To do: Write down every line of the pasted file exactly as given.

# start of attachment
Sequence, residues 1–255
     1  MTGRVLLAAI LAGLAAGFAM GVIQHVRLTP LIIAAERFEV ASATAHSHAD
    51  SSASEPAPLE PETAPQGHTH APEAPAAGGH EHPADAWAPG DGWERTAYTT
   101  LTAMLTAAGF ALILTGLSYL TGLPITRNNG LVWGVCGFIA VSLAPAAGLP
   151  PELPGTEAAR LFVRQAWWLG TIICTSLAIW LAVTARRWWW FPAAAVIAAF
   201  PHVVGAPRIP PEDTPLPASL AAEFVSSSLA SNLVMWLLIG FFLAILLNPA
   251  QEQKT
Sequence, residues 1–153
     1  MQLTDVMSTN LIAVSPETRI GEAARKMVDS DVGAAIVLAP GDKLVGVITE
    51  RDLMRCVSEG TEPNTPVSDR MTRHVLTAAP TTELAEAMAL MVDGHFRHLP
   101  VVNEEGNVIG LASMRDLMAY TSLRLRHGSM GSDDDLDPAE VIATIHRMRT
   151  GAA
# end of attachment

Sequence, residues 1–255
     1  MTGRVLLAAI LAGLAAGFAM GVIQHVRLTP LIIAAERFEV ASATAHSHAD
    51  SSASEPAPLE PETAPQGHTH APEAPAAGGH EHPADAWAPG DGWERTAYTT
   101  LTAMLTAAGF ALILTGLSYL TGLPITRNNG LVWGVCGFIA VSLAPAAGLP
   151  PELPGTEAAR LFVRQAWWLG TIICTSLAIW LAVTARRWWW FPAAAVIAAF
   201  PHVVGAPRIP PEDTPLPASL AAEFVSSSLA SNLVMWLLIG FFLAILLNPA
   251  QEQKT
Sequence, residues 1–153
     1  MQLTDVMSTN LIAVSPETRI GEAARKMVDS DVGAAIVLAP GDKLVGVITE
    51  RDLMRCVSEG TEPNTPVSDR MTRHVLTAAP TTELAEAMAL MVDGHFRHLP
   101  VVNEEGNVIG LASMRDLMAY TSLRLRHGSM GSDDDLDPAE VIATIHRMRT
   151  GAA